There was quite a splash in various British newspapers last week, lamenting what one described as the “final extinction” of the great bustard, a puzzling statement when reference books say it last bred in England in 1832. The real story was that a Wiltshire conservation trust had been trying for 30 years to reintroduce it, but had finally had to admit defeat.
It was a sad announcement. It would be good to have it back in the British list again because it’s so impressive: it’s Europe’s largest land bird, often weighing 25lb (12 kilos), the size of a turkey, with a fine courtship display in Spring. Its breeding area is now restricted to Spain, northern Germany and the central European plain and it is only a very occasional visitor to these shores, one that causes great excitement when it occurs.
It was once relatively common and was a prized dish, considered excellent eating; stuck with cloves, it was prepared by roasting or baking exactly like a turkey. Even the arrival of the turkey itself in the 1520s didn’t change that opinion, it being described as “much prized” in the 1690s. But by the 1750s it was becoming rare and was called “this curious fowl” in a cookery book of that date. It was too easy to hunt for its own survival despite being a shy bird. It needed lots of wide open flat countryside of a kind which vanished the best part of two centuries ago in England. In the late eighteenth century the bustard was hanging on in the open turnip fields of Wiltshire, with reports of flocks of fifty or more. But by the 1790s it was said to be very rare and shortly after it vanished for ever from the English countryside as well as the English dining table.
Having lamented the sad failure of the attempt to reintroduce it, the obvious question for a word specialist is how the bird got a name like bustard in the first place. The answer, it turns out, is one of those stories of transmission through several languages, each time being altered to fit the characteristic forms of its new linguistic surroundings. But attached to that story, common enough in itself, is a puzzle that nobody has yet solved.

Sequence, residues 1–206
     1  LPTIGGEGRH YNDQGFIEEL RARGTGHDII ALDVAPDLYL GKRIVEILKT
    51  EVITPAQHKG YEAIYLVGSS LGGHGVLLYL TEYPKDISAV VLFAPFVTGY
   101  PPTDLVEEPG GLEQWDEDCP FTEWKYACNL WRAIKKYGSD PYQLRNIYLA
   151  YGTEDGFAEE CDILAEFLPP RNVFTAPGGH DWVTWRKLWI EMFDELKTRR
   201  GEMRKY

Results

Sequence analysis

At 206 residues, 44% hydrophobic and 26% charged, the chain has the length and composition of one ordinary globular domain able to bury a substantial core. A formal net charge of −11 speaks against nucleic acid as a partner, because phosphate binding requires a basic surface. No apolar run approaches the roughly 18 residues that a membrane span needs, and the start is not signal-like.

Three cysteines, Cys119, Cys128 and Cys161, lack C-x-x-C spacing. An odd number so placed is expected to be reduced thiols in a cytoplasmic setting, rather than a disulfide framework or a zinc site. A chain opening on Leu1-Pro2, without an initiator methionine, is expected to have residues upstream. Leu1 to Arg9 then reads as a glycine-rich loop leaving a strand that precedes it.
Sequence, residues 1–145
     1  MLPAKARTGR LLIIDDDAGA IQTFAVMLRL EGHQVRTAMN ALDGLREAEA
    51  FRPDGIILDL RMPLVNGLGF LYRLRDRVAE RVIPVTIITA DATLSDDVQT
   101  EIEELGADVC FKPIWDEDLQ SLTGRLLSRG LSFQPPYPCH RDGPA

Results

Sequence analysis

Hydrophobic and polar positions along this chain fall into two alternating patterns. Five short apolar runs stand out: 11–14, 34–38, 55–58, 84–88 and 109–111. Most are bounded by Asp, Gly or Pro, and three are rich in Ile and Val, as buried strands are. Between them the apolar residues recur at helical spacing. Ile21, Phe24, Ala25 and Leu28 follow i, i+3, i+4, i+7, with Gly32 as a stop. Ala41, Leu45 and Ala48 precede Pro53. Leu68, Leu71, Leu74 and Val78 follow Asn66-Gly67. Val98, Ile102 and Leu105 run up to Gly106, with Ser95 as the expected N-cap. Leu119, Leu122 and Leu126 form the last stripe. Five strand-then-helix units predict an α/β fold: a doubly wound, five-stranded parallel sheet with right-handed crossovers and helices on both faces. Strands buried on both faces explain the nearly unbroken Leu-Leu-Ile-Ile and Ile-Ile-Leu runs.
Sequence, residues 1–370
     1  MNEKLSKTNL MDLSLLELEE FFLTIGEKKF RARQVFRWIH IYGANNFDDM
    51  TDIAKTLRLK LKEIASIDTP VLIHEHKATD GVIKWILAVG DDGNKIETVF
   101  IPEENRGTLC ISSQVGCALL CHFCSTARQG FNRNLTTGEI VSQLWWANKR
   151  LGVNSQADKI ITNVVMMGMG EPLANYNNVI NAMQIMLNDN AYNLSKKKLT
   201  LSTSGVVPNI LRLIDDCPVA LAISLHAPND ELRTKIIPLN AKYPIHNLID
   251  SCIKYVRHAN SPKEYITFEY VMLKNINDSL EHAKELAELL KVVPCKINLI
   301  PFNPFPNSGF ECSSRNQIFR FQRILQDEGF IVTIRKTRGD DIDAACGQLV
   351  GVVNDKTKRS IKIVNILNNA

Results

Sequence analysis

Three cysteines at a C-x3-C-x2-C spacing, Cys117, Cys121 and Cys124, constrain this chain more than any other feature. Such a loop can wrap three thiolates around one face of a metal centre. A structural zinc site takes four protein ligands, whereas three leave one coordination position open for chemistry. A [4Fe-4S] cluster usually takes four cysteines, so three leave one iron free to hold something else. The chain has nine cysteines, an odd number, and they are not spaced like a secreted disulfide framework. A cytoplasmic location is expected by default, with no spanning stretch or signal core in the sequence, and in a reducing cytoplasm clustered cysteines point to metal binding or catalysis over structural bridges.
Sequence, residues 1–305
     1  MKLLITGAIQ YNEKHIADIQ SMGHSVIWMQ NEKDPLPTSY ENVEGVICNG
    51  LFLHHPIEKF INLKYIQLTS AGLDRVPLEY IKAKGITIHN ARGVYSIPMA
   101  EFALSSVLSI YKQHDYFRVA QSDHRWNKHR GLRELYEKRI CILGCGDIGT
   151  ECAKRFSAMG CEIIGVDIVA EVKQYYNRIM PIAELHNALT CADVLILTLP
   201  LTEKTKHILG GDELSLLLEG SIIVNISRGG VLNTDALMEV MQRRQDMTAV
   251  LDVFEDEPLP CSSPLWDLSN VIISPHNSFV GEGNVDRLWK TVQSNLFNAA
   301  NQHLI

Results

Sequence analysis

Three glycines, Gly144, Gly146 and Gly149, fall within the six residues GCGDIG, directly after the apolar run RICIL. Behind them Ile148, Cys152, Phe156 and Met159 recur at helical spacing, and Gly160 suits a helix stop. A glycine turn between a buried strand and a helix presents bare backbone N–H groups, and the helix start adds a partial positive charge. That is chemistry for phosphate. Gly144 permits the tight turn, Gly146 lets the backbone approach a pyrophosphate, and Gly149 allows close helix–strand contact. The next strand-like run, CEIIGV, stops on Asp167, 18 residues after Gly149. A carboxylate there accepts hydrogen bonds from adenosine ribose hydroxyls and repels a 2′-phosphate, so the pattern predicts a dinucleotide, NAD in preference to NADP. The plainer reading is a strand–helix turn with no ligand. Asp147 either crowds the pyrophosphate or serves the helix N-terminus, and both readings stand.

It started out in Latin, where it was called avis tarda, “slow bird” (tarda is the origin of our tardy), a weird name for an animal that has powerful long legs that can drive it at a great speed (in England, sportsmen used to hunt them by running them down with greyhounds) and which can even fly quite powerfully when it’s forced to. The Latin name comes from Pliny, who said that was what the bird was called in Spain (“aves, quas Hispania tardas appellat”). There’s some suspicion that tarda is actually a name from somewhere else and isn’t the Latin for “slow” at all. On the other hand, the bird prefers to walk when it is not alarmed in a way that nearly all accounts in English call “stately”, so it may not be so ridiculous a description.
Over the years, the name drifted through the main European languages, at one time becoming abetarda or betarda in Portuguese, avutarda in Spanish, and ottarda in Italian, in each case with the second element retained but the first modified. The English name was originally bistarde, which was the old French name, which mutated to its modern form sometime in the fifteenth century.
But in the Germanic languages it has a significantly different name: for example, trap in Swedish, trapp in Danish, and Trappe in German. This word in its various forms is related to our tread (and also to trap) and it may be that the mysterious original recorded by Pliny was actually a reference in an ancient Germanic language to its tread — to the bird that walks in a stately manner, in fact. But who knows?